Three students from Bristol University have spoken to student newspaper The Tab about their experiences of racism. And one student – Kelly (not her real name) – recounted a particularly horrific incident.
Racist insults and taunting
It was on a Friday night with my friend, waiting to be let in to another friend’s place for pre-drinks. A bunch of young white guys who were walking towards us started making monkey noises. They continued to do so as they walked past us, laughing their heads off.
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I’m black, and my friend is also black. This was racism pure and simple. I unequivocally believe that these men were University of Bristol students…
The worst part of it all was the one white guy lagging behind who laughingly apologised on behalf of his friends. Like he wasn’t as racist as them all?
And she’s not alone. A group of Bristol students called another student, Timi (not his real name), a series of monkey-related names on Twitter, such as Bobo, Bubbles, and ‘Sh*t flinger’. The group also added Timi to a WhatsApp conversation and sent him a picture of a monkey-based Pokemon from Pokemon Go.
If that wasn’t bad enough, the men also sent Timi a video, in which they recorded themselves chanting “Timi Ariyo, he swings where he wants”, followed by gorilla noises.
Bristol University’s response
A spokesperson for the University of Bristol, which has recently established a steering group to actively monitor and act on any forms of discrimination at the university, said:
There is no place for racism at the University of Bristol. We have a zero tolerance approach to any kind of hate crime and there are clear policies and procedures in place to deal with incidents of this nature. We would urge anyone who has experienced such behaviour to seek support from an appropriate member of staff.
We have no reason to believe there is a wider problem at the University. We have received no complaints about racist behaviour by our students through our formal Unacceptable Behaviour procedure in the past three years and we have only disciplined one student for misconduct involving racism during this time.
But racism and hate crimes are on the rise across Britain, and not just in universities.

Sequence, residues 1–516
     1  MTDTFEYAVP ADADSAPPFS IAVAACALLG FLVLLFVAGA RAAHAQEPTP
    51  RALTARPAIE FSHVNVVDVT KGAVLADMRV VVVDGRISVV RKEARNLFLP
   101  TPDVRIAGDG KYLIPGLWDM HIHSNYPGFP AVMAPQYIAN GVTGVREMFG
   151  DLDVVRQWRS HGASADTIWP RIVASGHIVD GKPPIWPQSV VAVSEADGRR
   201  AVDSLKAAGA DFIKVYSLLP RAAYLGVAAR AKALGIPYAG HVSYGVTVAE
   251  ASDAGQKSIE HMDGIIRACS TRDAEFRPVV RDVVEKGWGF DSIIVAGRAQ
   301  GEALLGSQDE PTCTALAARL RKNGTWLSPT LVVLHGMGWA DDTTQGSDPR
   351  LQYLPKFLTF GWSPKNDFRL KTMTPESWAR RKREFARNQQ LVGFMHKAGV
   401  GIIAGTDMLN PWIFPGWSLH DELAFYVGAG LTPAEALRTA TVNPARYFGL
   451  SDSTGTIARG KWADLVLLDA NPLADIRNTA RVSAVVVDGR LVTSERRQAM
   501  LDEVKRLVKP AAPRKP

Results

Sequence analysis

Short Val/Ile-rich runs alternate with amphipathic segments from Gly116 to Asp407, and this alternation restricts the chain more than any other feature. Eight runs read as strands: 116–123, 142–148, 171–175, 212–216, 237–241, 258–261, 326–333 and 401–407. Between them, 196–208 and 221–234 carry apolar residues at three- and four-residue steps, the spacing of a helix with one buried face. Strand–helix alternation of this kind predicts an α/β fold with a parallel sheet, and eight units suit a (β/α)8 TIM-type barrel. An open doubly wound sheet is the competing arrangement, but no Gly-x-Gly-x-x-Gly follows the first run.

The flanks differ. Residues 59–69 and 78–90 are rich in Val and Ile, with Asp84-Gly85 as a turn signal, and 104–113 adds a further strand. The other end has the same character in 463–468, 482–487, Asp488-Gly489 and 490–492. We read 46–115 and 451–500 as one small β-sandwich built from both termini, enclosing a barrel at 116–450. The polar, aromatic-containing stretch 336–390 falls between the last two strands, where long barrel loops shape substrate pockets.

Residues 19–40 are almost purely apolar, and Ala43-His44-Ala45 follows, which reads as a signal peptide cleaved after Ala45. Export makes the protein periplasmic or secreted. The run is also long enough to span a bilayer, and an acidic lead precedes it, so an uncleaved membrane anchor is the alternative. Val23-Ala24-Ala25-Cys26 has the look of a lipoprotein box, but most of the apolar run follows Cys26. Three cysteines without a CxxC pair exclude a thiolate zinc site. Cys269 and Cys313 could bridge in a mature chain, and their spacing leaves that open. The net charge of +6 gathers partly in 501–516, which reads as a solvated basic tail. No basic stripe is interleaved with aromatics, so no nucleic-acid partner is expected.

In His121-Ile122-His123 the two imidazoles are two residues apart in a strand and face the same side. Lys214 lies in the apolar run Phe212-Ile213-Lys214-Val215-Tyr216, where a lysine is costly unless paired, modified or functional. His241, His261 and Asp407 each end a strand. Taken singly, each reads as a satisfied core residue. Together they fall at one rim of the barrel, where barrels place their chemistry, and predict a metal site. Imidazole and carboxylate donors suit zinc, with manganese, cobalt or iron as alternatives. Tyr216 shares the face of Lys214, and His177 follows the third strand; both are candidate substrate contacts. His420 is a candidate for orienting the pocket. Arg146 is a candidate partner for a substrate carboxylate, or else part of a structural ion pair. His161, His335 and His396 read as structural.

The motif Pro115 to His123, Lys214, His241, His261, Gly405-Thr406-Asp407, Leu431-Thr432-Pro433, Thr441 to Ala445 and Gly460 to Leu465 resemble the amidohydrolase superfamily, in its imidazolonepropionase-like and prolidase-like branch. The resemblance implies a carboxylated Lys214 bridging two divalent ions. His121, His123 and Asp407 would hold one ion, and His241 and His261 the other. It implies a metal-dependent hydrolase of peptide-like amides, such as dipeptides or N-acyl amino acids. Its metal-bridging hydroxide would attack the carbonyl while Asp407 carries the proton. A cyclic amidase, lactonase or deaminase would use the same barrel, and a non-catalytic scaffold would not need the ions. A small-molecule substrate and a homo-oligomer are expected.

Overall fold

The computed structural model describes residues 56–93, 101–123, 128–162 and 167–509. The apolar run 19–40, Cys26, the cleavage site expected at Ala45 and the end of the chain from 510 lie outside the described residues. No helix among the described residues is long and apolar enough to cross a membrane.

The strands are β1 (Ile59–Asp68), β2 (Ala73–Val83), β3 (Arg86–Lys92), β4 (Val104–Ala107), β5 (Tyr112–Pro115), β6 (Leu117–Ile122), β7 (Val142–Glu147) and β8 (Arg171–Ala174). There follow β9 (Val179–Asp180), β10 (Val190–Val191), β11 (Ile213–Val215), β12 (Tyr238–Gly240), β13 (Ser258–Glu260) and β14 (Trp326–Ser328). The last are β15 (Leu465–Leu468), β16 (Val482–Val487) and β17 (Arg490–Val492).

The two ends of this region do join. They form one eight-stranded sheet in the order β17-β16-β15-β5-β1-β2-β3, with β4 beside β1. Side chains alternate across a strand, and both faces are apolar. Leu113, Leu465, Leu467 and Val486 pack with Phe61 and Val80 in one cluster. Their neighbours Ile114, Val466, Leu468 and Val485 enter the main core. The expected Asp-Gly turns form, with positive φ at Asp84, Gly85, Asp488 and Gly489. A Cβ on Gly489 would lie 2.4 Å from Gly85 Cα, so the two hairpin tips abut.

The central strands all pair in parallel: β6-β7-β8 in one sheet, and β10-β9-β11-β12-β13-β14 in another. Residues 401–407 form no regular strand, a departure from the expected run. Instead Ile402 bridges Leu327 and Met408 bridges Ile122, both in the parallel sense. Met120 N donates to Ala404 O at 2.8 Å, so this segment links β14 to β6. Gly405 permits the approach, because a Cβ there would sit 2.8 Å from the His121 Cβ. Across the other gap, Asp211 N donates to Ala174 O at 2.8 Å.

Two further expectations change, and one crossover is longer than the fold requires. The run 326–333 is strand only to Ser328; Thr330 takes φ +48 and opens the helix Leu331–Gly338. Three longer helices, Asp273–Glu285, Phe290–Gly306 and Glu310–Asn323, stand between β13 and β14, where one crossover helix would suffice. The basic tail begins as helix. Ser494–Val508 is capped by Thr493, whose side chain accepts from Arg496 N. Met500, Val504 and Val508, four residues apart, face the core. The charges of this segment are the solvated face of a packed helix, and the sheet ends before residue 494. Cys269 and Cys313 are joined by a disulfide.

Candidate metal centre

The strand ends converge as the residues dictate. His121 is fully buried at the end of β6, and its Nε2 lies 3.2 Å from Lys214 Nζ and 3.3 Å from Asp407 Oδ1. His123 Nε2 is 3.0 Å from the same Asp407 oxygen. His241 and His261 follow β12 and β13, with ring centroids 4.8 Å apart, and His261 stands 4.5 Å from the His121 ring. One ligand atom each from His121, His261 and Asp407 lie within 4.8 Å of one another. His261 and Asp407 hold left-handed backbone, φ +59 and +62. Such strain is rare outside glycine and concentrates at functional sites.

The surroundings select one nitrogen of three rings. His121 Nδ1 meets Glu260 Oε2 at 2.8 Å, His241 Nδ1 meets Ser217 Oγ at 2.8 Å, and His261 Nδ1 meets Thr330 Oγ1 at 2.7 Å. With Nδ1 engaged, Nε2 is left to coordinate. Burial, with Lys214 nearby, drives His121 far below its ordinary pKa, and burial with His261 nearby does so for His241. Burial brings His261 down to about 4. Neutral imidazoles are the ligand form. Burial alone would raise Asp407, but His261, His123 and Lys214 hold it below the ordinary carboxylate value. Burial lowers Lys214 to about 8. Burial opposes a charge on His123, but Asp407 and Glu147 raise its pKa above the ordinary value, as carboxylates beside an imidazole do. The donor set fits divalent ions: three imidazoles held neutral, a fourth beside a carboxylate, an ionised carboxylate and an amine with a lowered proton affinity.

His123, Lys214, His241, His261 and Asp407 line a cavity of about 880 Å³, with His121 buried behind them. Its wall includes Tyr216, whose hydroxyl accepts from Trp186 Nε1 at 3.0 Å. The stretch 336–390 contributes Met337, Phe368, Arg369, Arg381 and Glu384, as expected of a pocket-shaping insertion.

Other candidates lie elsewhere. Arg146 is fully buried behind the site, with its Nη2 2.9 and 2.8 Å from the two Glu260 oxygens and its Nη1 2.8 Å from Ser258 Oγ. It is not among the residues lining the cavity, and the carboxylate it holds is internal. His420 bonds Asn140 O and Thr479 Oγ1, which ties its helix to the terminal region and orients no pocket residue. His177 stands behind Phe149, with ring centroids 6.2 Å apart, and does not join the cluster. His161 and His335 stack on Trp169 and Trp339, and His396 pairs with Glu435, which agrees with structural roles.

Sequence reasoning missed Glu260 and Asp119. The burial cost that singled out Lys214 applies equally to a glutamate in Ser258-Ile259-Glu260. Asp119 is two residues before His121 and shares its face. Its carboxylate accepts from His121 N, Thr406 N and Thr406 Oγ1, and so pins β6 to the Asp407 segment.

Thomas Conington, 28, pleaded guilty to a petrol bomb attack on the Central Mosque in Edinburgh in September 2016. He had previously set fire to the mosque in July 2015. And in July 2016, another mosque was vandalised in Somerset.
More recently, a stranger assaulted and spat on a Muslim woman at a restaurant in Hammersmith, London. The woman, Nahella Ashraf, 46, said she’d had bigotry directed at her in the past: “I’ve had people walk past me and shout abuse”.
And last month, two men dragged a young Muslim woman along the ground by her headscarf. A witness said, “two white men were trying to take off her scarf”. Another witness noted she was left traumatised by the assault: “She was having a panic attack… and could barely breathe.”
A Jewish couple, meanwhile, discovered antisemitic graffiti in Ealing, London. Members of the public spotted the same image of a star of David hanging from a hangman-style pole outside West Ealing station on 1 July 2016. And the very next day, more antisemitic graffiti appeared.
And these are just a handful of incidents in a rising tide. As previously reported by The Canary, figures showed a 41% rise in religious and ethnically motivated crimes in July 2016 compared to the previous year. The Equality and Human Rights Commission (EHRC) has also warned of a surge in hate crimes against EU citizens in the UK following the triggering of Article 50 later this year.
Whatever kind of Brexit we end up having, one thing’s for sure. It’s going to be a hard few years ahead for a lot of people in the UK.
– If you’ve been a victim of a hate crime, get support here.
Featured image via Wikimedia
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